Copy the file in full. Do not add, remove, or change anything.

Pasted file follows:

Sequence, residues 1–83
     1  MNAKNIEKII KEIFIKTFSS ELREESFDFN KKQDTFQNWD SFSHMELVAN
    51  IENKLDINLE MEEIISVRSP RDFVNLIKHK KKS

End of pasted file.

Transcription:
Sequence, residues 1–83
     1  MNAKNIEKII KEIFIKTFSS ELREESFDFN KKQDTFQNWD SFSHMELVAN
    51  IENKLDINLE MEEIISVRSP RDFVNLIKHK KKS